Key-and-lock commodity self-healing copolymers

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Science  12 Oct 2018:
Vol. 362, Issue 6411, pp. 220-225
DOI: 10.1126/science.aat2975

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Simple routes to self-healing

Biology provides many routes for self-healing or repair, but this trait is hard to endow into engineering materials. Although self-repair has been demonstrated for some polymers, it usually required specialized monomers. Urban et al. demonstrate that for a very narrow range of compositions, simple vinyl polymers based on methyl methacrylate and n-butyl acrylate show repeatable self-healing properties (see the Perspective by Sumerlin). A key characteristic of this system is that it relies on van der Waals interactions rather than the reformation of hydrogen or covalent bonds for repair.

Science, this issue p. 220; see also p. 150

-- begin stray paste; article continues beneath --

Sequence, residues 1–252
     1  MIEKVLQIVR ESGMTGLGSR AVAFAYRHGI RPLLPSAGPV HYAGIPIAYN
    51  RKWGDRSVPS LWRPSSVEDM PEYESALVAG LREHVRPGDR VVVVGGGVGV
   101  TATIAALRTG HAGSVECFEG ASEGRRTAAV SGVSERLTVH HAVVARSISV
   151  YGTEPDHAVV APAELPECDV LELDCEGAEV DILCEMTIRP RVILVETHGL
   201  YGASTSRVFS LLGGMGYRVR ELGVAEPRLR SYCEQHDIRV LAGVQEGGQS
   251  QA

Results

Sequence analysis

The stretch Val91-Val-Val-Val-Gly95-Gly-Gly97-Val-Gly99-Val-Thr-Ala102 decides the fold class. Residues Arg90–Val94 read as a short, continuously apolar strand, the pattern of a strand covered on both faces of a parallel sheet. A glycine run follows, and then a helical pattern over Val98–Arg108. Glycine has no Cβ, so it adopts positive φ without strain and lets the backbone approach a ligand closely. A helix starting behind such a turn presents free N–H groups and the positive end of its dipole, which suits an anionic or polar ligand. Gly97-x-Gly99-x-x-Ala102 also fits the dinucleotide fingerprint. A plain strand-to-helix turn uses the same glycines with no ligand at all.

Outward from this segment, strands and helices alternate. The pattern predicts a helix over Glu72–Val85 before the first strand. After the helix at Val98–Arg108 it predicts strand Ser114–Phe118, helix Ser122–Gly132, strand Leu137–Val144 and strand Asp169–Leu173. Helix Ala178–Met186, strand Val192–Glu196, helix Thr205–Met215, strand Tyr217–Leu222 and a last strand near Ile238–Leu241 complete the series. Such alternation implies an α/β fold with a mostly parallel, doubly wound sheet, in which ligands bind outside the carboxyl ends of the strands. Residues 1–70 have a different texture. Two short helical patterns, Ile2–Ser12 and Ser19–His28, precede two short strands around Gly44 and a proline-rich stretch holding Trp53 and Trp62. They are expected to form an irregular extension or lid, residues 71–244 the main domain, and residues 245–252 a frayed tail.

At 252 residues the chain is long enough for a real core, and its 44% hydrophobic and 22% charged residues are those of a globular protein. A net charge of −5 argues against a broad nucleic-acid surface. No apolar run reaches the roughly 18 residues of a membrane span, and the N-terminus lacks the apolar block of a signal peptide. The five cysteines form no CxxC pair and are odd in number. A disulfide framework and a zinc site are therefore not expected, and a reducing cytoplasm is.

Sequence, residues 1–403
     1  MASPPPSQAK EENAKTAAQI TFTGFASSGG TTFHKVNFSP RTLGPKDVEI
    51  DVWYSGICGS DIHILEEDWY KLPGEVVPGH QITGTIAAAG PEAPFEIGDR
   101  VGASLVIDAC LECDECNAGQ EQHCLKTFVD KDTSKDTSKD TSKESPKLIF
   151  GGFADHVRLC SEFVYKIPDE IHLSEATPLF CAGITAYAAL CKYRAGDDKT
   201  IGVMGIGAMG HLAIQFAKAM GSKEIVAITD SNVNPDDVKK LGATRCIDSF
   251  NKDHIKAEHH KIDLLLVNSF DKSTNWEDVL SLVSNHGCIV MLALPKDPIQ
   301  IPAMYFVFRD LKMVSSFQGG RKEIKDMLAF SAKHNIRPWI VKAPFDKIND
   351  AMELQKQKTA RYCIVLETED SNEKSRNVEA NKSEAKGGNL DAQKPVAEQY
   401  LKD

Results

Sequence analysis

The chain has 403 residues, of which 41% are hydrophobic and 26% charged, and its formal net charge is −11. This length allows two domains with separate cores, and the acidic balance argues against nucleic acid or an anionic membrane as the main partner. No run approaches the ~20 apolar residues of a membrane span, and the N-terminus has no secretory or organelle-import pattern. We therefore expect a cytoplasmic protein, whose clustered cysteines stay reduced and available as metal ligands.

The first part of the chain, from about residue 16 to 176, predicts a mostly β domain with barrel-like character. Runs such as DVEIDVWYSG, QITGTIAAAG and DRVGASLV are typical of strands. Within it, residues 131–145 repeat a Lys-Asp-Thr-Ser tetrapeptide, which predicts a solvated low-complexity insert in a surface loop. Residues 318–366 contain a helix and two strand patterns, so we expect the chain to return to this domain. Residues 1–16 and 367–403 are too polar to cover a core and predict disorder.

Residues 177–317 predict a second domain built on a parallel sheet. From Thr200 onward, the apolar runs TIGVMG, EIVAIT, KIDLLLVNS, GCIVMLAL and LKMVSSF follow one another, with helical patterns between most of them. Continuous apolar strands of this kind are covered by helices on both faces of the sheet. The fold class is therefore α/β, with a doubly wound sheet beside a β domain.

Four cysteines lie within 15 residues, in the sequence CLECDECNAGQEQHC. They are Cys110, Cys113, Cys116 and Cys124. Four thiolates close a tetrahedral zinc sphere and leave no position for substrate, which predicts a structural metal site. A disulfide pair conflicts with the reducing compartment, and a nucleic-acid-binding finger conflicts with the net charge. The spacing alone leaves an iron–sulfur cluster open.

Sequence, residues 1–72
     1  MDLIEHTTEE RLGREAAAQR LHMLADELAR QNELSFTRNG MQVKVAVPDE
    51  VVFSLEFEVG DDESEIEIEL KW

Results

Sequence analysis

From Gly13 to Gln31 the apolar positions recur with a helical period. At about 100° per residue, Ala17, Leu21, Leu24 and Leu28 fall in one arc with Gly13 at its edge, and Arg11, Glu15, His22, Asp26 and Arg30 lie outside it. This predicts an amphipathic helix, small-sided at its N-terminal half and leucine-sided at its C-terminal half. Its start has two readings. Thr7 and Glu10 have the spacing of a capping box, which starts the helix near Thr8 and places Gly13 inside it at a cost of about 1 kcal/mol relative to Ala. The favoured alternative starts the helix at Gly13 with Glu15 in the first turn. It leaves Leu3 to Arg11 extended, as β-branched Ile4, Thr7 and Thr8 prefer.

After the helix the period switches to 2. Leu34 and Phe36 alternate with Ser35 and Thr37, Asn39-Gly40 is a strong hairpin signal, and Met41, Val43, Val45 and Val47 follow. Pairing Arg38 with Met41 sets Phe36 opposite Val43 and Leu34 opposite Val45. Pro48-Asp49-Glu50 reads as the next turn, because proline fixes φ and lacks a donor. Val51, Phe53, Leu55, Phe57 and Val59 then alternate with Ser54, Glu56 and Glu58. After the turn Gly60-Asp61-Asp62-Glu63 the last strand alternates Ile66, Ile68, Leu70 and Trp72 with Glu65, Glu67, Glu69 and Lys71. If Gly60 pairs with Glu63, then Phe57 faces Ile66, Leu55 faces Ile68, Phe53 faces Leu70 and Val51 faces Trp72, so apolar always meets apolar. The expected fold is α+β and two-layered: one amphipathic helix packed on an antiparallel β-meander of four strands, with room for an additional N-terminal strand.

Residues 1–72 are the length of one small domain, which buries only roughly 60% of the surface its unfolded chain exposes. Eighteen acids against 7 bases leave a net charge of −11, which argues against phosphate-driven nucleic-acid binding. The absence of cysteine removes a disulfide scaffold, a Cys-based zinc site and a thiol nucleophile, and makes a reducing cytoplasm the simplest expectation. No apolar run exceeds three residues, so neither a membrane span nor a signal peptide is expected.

Self-healing materials are notable for their ability to recover from physical or chemical damage. We report that commodity copolymers, such as poly(methyl methacrylate)/n-butyl acrylate [p(MMA/nBA)] and their derivatives, can self-heal upon mechanical damage. This behavior occurs in a narrow compositional range for copolymer topologies that are preferentially alternating with a random component (alternating/random) and is attributed to favorable interchain van der Waals forces forming key-and-lock interchain junctions. The use of van der Waals forces instead of supramolecular or covalent rebonding or encapsulated reactants eliminates chemical and physical alterations and enables multiple recovery upon mechanical damage without external intervention. Unlike other self-healing approaches, perturbation of ubiquitous van der Waals forces upon mechanical damage is energetically unfavorable for interdigitated alternating/random copolymer motifs that facilitate self-healing under ambient conditions.

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